The Internet provides a wealth of information to the carp angler, including many websites on French carp fishing and venues. This month I will hopefully raise a few eyebrows by making you aware of the amount of venues available on the information superhighway. The web pages and sites listed have been added to my explorer favourites for future sessions, most have commonalities in that they contain big carp and are well stocked. In order to write this article many hours of research has gone into its compilation, over 10 years of surfing to be more precise! It looks like a list of plain old website addresses and quite a boring article? However! Once you follow the links in your Internet explorer you will realise the wealth of information being presented! Probably the most frequently asked question is which are the best lakes? This is a very difficult question to answer due to one person's rubbish being another mans treasure, in other words, it all depends on what you are looking for. I've made this statement in the past and am saying it again to hammer home its relevance. Most of the lakes within the websites below will accept direct reservations less for the public waters, where no prior reservation is required, being public they are open to all i.e. turn up and fish once you have purchased the carte de peche.

Carp fishing lakes continued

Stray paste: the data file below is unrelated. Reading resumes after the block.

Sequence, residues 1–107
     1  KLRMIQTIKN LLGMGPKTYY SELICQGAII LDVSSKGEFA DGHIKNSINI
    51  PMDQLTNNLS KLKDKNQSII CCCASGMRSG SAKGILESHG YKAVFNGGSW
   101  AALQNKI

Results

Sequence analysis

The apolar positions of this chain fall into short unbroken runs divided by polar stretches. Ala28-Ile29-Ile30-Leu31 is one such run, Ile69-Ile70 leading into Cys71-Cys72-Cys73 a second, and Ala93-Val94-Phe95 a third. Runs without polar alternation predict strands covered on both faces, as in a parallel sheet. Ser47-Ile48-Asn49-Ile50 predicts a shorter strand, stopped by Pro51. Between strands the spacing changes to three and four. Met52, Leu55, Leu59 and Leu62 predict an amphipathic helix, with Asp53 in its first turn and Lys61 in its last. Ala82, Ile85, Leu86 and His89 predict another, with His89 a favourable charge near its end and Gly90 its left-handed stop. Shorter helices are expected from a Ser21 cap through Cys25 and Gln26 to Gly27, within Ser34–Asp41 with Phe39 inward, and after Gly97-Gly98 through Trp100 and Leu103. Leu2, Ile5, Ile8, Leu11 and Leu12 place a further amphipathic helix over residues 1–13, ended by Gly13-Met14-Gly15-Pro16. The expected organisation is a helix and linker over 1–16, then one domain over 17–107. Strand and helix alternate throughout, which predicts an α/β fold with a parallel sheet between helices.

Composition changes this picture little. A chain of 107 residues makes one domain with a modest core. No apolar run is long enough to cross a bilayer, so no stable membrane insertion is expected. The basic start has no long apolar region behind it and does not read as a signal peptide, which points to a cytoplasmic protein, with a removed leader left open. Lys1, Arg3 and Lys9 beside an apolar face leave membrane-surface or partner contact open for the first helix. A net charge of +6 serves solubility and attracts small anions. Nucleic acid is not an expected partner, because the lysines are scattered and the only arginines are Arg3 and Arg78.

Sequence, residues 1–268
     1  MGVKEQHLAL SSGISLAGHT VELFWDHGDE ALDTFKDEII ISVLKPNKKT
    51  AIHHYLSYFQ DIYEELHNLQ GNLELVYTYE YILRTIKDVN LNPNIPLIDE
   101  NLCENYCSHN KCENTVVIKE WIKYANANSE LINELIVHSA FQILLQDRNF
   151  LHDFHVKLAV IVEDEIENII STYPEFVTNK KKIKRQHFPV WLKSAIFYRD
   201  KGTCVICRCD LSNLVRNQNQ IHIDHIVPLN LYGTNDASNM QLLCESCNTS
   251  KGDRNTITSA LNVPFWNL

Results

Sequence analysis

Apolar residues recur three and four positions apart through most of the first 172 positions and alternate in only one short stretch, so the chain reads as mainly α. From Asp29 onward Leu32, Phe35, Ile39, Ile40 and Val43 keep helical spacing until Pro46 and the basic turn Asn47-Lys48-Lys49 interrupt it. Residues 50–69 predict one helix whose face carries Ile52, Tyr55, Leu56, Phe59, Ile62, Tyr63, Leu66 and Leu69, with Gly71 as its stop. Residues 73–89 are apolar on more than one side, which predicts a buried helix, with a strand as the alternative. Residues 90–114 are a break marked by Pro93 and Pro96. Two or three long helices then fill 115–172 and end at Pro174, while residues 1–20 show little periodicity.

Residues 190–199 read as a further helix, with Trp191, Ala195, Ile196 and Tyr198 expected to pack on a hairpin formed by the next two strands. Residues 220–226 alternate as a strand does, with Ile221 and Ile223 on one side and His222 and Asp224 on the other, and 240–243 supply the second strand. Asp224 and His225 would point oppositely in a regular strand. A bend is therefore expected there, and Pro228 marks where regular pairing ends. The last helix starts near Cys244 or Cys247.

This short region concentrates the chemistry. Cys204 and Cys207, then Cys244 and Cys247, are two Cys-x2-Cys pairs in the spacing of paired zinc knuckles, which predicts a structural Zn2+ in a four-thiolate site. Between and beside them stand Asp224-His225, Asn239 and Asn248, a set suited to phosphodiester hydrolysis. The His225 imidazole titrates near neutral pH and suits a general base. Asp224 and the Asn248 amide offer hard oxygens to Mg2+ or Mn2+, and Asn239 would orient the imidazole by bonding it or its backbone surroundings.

In this piece there are lake's/links to suit all abilities from the beginner to the big lake pioneer. I have refrained from giving website addresses of UK owned venue's as they should be within the commercial fishery focus section. My articles are non commercial orientated i.e. no venue owner has asked me to write about their lake nor would I if they did, if I make reference to commercial fisheries it is by my own doing, not of outside influence! Therefore I am at liberty, within reason to tell you how it is and how I rate them. A person's perception of a lake is usually different to what they see on arrival. In the past I fished a well-known private venue that held a lot of big carp. However the place was crawling with rats, as soon as the sun went down, they appeared. It was so bad that I would resort to taking traps with me. Even those were sprung within a few hours of darkness. One night I recall waking up to find myself eye to eye with a beast of a marsupial, it didn't hang round for long as I attempted to end its life with the aid of a stainless bank stick. Unfortunately, the battle scars are still visible in the way of a small hole in the side of my bivvy from the stainless spear that was launched in its direction. This is one of many venues that have large rat populations. Hygiene is of major importance when fishing lakes like this, rats are a carrier of lipto spirosis, commonly known as weil,s disease. In the worst case lypto spirosis can be fatal! Prior to my first trip I had gathered as much information as possible but no one had mentioned the rat infestation. So does that perfect venue exist? I would suggest that it does not. Every venue has some feature that is not what the visiting angler expects, here are a few examples: crowded, trouble from locals, rats, deep, toilets not up to scratch, poor directions, bad swims, smaller than advertised, too many small fish, under stocked, no boats, not scenic, too expensive, dirty, crayfish, poison shits (American catfish) snags and noisy. The moral of the story is, don't let the unexpected spoil your trip, accept the disappointment's if there are any and concentrate on being there enjoying it, adapt, improvise, overcome and above all work to catch! The vast majority of people now have access to the Internet either in their home or via an Internet cafe, how many get the best out of it in regards to venue research? Most tend to use one search engine and one language? In fact the best place to find French lakes is within French search engines using phrases wrote in French! I know you probably don't speak French. That can be overcome with use of translation websites. Here are a useful words, peche (fishing), carpe (carp) and nuit (night). When these phrases are typed into a search engine it will pick up on the French language and list many sites that contain them. The pages are in French as that is the language you typed; a quick web page translation will soon have it appearing in English.